Customer Experience trends, why churn should be a sales rep problem, tricks for upselling and cross-selling
As we enter 2017, what trends are shaping how companies are treating Customer Experience (CX)? What obstacles, challenges or blind spots will Customer Success, Marketing and Customer Support leaders likely run into when trying to improve CX? And, how can they do CX better?
These are big, important questions and thoughtful answers are paramount to developing an effective strategy for your Customer Success team – and for CS at your organization as a whole – in 2017. Luckily this thoughtful post by Wootric, has you covered!
We highly recommend reading the full post but here are a few predictions, emerging challenges and pieces of advice that we found interesting:
- Prediction: Emotion emerges as dominant trend – According to Rick Parrish, Principal Analyst at Forrester, “The single most important thing that companies that are already well along on their CX transformations can do is to understand and embrace the importance of emotion in CX. You can create the easiest, most effective experience in the world, but unless it has the right emotional quotient — unless it leaves customers feeling the way they need to feel — customers won’t walk away saying the experience was great.” In Episode 73 of Forrester’s CX podcast, they recapped the highlights of Forrester’s annual CXSF forum, in which a key theme was how CX pros are using technology more and more to deliver emotionally engaging experiences. Don’t underestimate the link between emotion and customer loyalty.
- Prediction: Customer Support agents shift to Customer Success – In UserIQ’s The State of Customer Success and Trends for 2017 webinar, they predicted that Customer Success teams will get a better handle on being proactive (versus reactive) as they improve their customer health data-gathering and analysis. Karthik Kalyanasundaram, Director, Product Management at FreshDesk predicts that the companies who are already on top of being proactive this year will push it even further next year: “Reactive and proactive will evolve to preemptive. For example, with preemptive tech, companies will be able to predict the problems that a customer might have and solve it even before he raises it as an issue. As bots and machine learning make life easier for support reps, they will get to spend more time solving customer issues with empathy, ultimately delivering a superior CX. Quality and impact of human agents will make a bigger difference in CX in turning around customer experiences — rather than sending link to FAQs, or looking up data that should already be available to the user.” This handily solves the current problem Chakravarthy Srinivasan – Global Support Manager, Freshdesk – sees, that “agents are sometimes focused so much on the problem-solving that we forget constant communication/updates and human connection.” Could the bots actually help us improve human connection? Looks like it.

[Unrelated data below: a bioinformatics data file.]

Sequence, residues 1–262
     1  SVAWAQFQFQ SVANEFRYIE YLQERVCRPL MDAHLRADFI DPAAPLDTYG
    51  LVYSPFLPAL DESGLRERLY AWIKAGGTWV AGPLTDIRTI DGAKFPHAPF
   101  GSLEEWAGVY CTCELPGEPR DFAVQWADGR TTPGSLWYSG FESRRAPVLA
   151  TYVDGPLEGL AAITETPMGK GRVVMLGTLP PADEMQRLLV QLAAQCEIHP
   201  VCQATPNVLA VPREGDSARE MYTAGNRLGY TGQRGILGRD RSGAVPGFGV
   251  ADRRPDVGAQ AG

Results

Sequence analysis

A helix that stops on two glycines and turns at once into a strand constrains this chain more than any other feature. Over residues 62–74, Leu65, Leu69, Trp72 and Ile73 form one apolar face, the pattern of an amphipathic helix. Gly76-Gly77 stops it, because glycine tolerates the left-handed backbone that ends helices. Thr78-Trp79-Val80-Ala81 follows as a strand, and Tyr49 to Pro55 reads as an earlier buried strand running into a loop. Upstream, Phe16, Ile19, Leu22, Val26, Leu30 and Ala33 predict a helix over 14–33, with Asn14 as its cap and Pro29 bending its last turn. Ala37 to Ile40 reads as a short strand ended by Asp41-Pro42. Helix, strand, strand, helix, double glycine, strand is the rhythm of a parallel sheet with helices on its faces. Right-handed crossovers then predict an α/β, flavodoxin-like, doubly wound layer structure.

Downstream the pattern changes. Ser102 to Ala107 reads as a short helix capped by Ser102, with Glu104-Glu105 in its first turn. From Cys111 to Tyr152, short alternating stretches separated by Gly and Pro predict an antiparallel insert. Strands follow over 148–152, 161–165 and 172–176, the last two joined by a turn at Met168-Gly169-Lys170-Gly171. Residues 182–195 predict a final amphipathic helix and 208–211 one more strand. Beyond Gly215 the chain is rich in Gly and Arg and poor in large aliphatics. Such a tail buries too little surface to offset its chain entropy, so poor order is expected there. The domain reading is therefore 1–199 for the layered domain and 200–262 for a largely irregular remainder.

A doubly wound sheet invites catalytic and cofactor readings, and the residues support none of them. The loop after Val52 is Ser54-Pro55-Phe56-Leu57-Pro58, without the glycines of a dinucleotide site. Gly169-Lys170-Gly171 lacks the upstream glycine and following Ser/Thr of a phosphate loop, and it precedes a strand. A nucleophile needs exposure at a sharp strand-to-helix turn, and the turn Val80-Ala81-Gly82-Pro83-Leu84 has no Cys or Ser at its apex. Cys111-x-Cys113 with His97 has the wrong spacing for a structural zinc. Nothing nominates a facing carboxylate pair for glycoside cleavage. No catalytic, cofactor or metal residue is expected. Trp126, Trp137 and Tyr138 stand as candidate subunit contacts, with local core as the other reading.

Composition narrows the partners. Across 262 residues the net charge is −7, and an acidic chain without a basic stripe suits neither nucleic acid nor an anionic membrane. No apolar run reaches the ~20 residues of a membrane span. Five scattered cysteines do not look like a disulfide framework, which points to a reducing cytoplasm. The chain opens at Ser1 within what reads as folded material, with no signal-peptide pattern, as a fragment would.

- Challenge: Hero-Dependent CX is not sustainable – Rick Parrish at Forrester says companies can expect a few challenges that come along with advancing technology in the coming year. He cautions that CX efforts can go wrong in three ways, the first being Hero-Dependent CX. This is when a company has no discipline around the way it manages CX but does have some employees who have great empathy for customers. These employees will work their fingers to the bone and battle their own companies to provide great CX. This is totally unsustainable, very inefficient, and burns out your best employees. If this sounds like you, the time to start make adjustments is now.